After: Radical Reshaping
This former worksheet remade via a Google Drawing can be pushed out via Google Classroom with the following directions:
Sure, it still has the arranging task to it, but notice that all punctuation has been removed. This compels students to distinguish (DOK 2), to revise (DOK 3), and to create (DOK 4). Furthermore, they're practicing necessary technology skills which so many of our kiddos need to have mastered. More importantly, students are really, truly showing what they know.
So, let's leave the cutting to our bangs, okay? (Or maybe not. Go see a professional for that.)
image courtesy of FemaleMag
Have you seen the new Google Pixel 2 commercial? Before you read any further, take a look:
What’s your first impression? Mine is That’s brilliant. But it’s not just the commercial that’s brilliant (although the advertising executive who dreamt it up sure deserves a bonus)--it’s the message:
A question mark changes everything.
As the Google design team makes abundantly clear in this ad, statements are limiting, and placing a period at the end of a sentence indicates finality. No more ideas. No more moving forward. The end. Game over. ‘Nuff said.
But what if?
As we Google fans know (and as the company itself affirms), Google is a company “built on questions.” And as more schools go Google (70+ million G Suite for Education global users), we need to change our mark of punctuation:
We are learning.
We are learning?
Think about our CCSS “I Can” statements--the ones prominently displayed in every classroom to indicate content learned by students. Here’s one for high school biology:
I can use a model to illustrate the role of cellular division (mitosis) and differentiation in producing and maintaining complex organisms. (LS1-4)
How do we know they can?
Well, traditionally, a teacher will prepare slides about mitosis, give lecture notes about mitosis, copy study guides and worksheets about mitosis, assign homework and reading about mitosis, and then finally administer a unit test about mitosis.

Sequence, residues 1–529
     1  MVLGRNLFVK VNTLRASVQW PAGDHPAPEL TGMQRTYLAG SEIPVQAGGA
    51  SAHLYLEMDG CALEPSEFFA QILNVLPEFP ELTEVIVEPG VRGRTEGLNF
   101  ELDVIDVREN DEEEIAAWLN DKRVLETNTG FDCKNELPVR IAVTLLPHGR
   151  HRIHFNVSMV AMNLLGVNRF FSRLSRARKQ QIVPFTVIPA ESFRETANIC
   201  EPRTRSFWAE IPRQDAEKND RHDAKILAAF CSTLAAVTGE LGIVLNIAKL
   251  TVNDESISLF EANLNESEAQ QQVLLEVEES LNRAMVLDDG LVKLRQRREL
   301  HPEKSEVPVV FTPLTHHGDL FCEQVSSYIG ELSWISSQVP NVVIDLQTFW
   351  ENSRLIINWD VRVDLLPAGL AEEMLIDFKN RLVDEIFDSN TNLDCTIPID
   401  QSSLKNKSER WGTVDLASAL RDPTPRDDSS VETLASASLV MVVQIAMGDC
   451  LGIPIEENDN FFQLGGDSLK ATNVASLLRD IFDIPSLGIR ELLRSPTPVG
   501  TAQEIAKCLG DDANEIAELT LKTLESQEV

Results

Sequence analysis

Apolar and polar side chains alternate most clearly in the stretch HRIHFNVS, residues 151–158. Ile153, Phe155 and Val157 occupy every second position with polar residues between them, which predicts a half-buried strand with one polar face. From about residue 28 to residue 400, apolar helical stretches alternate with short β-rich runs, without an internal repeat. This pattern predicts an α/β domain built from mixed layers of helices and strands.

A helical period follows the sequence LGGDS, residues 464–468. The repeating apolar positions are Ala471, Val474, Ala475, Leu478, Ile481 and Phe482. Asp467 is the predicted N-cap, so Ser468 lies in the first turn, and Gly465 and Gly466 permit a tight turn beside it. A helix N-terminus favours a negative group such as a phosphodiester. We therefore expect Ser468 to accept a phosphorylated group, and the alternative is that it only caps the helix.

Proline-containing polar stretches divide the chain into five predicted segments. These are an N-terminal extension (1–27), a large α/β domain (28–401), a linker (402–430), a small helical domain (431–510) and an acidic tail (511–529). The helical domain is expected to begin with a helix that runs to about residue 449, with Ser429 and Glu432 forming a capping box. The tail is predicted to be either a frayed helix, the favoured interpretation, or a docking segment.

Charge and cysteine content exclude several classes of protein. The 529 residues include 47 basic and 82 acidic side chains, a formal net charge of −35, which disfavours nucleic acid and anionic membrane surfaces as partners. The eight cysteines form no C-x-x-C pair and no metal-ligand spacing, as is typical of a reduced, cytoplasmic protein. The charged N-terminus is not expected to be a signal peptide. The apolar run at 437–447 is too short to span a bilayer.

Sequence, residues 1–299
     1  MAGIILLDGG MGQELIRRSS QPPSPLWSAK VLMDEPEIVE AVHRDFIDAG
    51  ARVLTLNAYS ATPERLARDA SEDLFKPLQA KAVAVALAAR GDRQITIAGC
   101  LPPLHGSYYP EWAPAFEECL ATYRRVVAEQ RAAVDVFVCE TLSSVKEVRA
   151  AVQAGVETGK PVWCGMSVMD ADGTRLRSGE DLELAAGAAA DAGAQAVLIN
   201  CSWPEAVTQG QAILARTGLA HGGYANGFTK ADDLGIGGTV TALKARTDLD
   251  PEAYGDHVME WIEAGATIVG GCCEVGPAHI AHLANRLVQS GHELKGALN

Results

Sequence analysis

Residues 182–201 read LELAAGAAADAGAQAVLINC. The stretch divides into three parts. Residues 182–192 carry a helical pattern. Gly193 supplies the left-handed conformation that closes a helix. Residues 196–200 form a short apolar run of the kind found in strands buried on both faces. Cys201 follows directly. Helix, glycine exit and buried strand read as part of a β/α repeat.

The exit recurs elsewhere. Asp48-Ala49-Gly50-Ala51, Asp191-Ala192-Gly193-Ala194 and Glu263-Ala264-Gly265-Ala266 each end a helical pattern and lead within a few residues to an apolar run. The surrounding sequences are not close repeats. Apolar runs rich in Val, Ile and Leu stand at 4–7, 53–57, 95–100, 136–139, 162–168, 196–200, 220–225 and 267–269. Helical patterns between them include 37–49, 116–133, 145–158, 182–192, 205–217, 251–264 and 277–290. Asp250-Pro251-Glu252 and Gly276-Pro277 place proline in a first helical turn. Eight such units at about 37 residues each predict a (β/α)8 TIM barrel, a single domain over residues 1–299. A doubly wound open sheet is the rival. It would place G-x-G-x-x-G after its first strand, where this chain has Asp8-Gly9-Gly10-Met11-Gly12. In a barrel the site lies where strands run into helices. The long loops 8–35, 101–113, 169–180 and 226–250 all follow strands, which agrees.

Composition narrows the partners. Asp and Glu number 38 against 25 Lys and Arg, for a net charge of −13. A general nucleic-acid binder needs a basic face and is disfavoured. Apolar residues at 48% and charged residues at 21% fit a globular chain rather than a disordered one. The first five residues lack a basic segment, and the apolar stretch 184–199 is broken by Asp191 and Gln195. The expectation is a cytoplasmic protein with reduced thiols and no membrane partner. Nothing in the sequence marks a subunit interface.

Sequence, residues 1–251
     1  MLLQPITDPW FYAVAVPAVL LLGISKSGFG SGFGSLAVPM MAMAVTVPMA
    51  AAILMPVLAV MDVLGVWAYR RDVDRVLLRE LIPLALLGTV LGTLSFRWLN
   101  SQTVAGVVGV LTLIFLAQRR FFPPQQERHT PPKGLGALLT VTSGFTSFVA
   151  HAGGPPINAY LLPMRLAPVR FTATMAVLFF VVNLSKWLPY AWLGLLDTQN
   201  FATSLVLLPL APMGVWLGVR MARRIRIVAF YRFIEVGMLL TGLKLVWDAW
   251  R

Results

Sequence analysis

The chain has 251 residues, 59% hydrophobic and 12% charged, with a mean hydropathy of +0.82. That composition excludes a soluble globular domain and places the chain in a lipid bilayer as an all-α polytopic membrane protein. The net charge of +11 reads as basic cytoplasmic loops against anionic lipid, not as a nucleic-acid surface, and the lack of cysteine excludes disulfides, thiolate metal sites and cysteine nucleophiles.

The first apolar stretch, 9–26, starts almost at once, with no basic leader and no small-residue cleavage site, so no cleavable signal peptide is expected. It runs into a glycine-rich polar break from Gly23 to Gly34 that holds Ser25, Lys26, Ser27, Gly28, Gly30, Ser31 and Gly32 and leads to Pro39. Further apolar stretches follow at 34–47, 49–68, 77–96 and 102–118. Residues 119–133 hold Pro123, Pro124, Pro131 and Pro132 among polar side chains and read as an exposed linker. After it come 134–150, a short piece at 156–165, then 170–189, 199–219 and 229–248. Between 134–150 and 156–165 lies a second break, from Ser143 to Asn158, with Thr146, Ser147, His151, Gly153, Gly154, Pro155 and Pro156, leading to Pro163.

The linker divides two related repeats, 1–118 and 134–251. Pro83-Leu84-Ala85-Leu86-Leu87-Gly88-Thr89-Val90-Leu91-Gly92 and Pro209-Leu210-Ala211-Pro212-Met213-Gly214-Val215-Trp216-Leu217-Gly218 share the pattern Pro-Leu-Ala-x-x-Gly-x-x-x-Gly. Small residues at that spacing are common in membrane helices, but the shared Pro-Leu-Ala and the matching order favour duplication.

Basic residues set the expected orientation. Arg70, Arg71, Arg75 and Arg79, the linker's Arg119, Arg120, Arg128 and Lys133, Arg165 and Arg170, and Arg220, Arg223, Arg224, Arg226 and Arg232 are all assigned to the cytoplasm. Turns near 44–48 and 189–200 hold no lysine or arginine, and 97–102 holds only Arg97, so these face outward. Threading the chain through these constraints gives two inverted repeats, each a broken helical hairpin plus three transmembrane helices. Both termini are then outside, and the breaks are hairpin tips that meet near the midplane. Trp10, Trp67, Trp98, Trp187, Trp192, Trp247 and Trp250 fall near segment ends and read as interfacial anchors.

No more ideas. No more moving forward. The end. Game over. ‘Nuff said.
(By the way, notice the verbs I used above to describe the traditional learning process: prepare, give, copy, assign, administer. While these aren’t passive verbs--and this former high school English teacher should know!--they certainly designate passivity when it comes to learning. And notice that all the “work” is being done by the teacher. The students will watch the slides, copy the notes, complete the study guides and worksheets, do the homework and reading, and take the test. Check out the verbs I used in that last sentence. See a pattern? Those verbs make a point, and the point is this: If whoever is doing the talking is doing the learning, then we’re doing it wrong.)
A question mark changes everything.
What if we changed that period at the end of a traditional "I Can" statement into a question mark?
I can use a model to illustrate the role of cellular division (mitosis) and differentiation in producing and maintaining complex organisms?
Imagine projecting that question to a class and simply saying, Can you? Imagine allowing them to pursue their own learning, to show, to demonstrate, to create. What if we said, “Figure out a way to show how you can master that standard, whether it’s a screencast, a song, an infographic, a story, an animated Google Slides deck, a carefully-curated assemblage, a playlist...a whatever you can imagine! I’ll be here to guide you, to coach you, to encourage you, to direct you, but I will not do the work for you.” Imagine stepping to the side and allowing them to be active participants and owners of their learning.
I can learn.
I can learn?
Statements finalize possibilities. Questions open them up.
Still not convinced? Think about this for a minute: Google didn’t create the latest in innovative smart phone technology by making statements. Google did it by asking questions.
So why aren’t we?
A question mark changes everything.
Note: To learn more about asking questions to inspire learning, check out inquiry-based learning.
I’m giving you fair warning, buttercup: this is not going to be a warm and fuzzy post. So if you’re a sensitive soul, now’s the time to turn back.
I’ve been sitting on a draft of this post for six months now, hesitating to go public for fear of offending anyone. The content that follows--to borrow from the latest in adolescent vernacular--may ”trigger” you. Or it may inspire you. Maybe it will provoke you to stop following me. Or maybe (hopefully!) it will encourage you to think. Here goes...
Last week, I was working with a teacher during her planning period, brainstorming ways to integrate a specific instructional technology tool into her curriculum. As we collaborated, her veteran partner walked in, took one look at us, and responded, “Oh, no. No more technology for me! Absolutely not.” She promptly turned on her heel and exited.
Unfortunately, this is not an uncommon reaction to my presence in a classroom or a school. While I’m often welcomed with open arms, I’m equally as often treated like Frankenstein’s monster in the village.